The 1/16-1/32 in. (1.6-0.8 mm) clearance between the ribbon blades and blender trough minimizes residual material after discharge. “The Munson blender blades sweep closer to the wall than our other blenders, resulting in less waste,” says Smith. Cleaning between batches is not usually needed (production is scheduled so that products with increasingly larger aggregates follow those with smaller aggregates); the blender is simply washed out at the end of the day. While batch sizes vary, the largest batch size is 750 gal (2839 liters)-about 10,000 lbs (453 kg) of material- using the blender’s full working capacity.
The blender’s double helical ribbon agitator design is energy efficient and offers faster blend times than other ribbon configurations. “With our other blenders, we sometimes have to go longer than the desired time to fully homogenize the powders, but with the Munson we can sometimes mix in less than the set time due to the 2-to-1 length-to-width ratio of the double helical ribbon agitator,” says Smith, noting that the 40 hp (30 kw) motor maintains consistent speed when heavy materials are added.
The blender withstands non-stop, all-day mixing of abrasive material without premature seal leakage. In ribbon blenders, packing glands create a mechanical seal where the shaft penetrates the blender wall. The abrasive material in Master Wall’s blends was wearing away the braided Teflon® packing of the blenders in the Georgia plant. This allowed material leaks and required the replacement of the packing (monthly) and eventually the shafts, which required two to three days of downtime. To prevent the problem, the new blender is equipped with air-purge shaft seals that apply positive pressure to drive abrasive particulates away from the seals, which show no signs of wear or leakage two years after installation.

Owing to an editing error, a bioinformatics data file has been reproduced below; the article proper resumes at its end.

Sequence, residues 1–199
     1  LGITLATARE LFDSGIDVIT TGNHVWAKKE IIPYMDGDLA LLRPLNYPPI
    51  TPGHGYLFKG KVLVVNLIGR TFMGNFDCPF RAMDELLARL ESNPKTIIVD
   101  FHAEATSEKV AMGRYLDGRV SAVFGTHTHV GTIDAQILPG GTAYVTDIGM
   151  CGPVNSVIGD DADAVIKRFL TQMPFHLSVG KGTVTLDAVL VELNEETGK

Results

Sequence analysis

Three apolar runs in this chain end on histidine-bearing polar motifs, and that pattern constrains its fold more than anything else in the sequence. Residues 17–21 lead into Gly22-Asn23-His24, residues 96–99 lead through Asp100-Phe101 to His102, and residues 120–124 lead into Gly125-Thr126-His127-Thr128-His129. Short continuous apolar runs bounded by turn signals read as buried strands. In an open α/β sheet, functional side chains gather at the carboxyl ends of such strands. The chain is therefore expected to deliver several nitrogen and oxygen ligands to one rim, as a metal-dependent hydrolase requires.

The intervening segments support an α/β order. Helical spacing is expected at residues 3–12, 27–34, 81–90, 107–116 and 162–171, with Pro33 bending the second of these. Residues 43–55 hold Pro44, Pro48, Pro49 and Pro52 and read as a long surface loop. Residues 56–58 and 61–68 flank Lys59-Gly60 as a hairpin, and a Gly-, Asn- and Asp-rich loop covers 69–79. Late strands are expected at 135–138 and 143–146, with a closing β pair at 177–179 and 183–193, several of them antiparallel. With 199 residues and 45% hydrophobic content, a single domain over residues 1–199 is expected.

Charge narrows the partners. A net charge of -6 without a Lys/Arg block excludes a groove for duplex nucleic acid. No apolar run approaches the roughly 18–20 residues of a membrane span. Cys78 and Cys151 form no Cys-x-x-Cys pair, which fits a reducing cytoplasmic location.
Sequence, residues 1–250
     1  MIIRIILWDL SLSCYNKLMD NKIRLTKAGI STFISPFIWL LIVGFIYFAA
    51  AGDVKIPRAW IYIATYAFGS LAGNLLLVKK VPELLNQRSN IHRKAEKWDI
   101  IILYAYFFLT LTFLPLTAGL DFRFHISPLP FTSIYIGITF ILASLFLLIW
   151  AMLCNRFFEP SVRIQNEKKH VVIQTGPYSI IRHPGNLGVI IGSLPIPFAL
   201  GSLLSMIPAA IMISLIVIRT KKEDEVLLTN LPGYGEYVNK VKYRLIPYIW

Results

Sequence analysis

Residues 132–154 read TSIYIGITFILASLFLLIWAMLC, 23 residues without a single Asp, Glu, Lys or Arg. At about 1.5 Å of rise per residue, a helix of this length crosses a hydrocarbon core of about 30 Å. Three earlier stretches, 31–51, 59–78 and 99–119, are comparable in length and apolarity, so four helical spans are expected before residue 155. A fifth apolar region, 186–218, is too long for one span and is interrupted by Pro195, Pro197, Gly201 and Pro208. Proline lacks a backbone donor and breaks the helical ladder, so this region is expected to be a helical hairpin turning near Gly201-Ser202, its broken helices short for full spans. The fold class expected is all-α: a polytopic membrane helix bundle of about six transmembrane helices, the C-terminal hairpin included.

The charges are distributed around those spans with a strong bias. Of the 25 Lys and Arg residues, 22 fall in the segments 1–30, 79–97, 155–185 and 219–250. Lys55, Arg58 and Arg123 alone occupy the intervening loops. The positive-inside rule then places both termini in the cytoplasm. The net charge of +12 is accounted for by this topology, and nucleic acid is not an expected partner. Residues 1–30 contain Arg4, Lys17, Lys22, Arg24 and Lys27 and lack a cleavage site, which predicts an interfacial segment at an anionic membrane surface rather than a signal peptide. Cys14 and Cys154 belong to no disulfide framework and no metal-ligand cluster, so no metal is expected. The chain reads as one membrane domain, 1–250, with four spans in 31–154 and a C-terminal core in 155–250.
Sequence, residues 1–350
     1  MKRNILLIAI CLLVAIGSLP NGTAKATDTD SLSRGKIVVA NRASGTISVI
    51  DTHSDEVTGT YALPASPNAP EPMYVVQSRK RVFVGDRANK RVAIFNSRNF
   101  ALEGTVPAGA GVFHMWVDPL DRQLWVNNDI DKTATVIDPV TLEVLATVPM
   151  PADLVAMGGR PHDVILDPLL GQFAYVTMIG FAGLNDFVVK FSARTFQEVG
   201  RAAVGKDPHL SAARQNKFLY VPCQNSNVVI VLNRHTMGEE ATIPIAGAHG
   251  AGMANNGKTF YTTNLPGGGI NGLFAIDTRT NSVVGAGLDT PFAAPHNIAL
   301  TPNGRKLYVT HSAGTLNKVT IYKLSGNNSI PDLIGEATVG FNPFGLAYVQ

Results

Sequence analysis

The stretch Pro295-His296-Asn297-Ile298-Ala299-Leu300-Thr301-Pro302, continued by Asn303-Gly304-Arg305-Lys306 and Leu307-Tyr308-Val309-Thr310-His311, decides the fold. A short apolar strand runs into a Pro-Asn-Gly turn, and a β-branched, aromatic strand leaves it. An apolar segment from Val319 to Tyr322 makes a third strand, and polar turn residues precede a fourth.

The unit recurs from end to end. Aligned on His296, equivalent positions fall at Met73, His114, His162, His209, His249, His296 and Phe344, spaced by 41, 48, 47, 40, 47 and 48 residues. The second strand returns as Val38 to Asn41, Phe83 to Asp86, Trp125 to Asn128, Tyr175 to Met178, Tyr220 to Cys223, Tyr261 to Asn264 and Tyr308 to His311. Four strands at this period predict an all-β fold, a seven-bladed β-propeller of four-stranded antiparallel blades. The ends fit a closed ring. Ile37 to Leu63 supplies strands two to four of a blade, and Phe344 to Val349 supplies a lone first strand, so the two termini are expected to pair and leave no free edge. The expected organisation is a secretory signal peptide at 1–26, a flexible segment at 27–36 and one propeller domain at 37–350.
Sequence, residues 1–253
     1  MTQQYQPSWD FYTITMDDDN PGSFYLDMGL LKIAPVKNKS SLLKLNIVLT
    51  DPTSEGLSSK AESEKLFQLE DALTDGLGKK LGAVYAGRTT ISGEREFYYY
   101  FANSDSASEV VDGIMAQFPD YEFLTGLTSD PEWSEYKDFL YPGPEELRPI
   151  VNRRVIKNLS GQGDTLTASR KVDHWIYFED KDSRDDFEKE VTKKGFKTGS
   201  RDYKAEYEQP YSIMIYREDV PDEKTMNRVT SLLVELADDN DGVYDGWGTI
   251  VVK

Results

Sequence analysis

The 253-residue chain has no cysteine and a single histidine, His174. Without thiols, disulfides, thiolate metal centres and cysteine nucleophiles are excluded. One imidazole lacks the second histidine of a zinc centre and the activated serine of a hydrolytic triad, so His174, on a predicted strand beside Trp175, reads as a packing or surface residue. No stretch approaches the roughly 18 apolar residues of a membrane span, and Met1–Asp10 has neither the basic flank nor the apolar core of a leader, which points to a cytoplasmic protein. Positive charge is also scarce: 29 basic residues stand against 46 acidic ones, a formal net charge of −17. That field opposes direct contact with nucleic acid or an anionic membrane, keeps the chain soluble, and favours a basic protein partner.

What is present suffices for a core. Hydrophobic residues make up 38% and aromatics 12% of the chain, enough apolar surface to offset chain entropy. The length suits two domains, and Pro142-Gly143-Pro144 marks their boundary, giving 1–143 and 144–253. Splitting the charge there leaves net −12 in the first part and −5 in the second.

Improved Operator SafetyMaster Wall specified four safety grates that cover the top of the ribbon blender, along with trip “kill switches” if the grates are moved. The safety grates and switches are integrated into the machine with a flush-mount sensor. Master Wall also specified lids with dust collection ports on the back half of the blender top that rest on heavy-duty stops when open. Negative pressure dust collectors pull dust out of the blender into a bag house, so little dust escapes into the work area despite the quantities of dusty material being used.
Low noise levels are another plus for operator safety. The chain that transfers power from the helical gear motor to the blender’s agitator sprocket runs through an oil bath, thus reducing noise.
Specific NeedsIn planning the construction of the Payson plant, Munson representative Bob Jeremias of TEC Engineering helped engineer the blender and dust collection system while Steve Knauth of Munson configured a model to meet Master Wall’s needs. “We needed a durable machine,” says Smith. “Just looking at the blender you can tell it’s a heavy-duty machine because of its sturdy construction.”
The company plans to purchase the same brand of ribbon blenders for its Georgia plant.
For more information, contact Munson Machinery Co., Inc. at (315) 797-0090, firstname.lastname@example.org or www.munsonmachinery.com.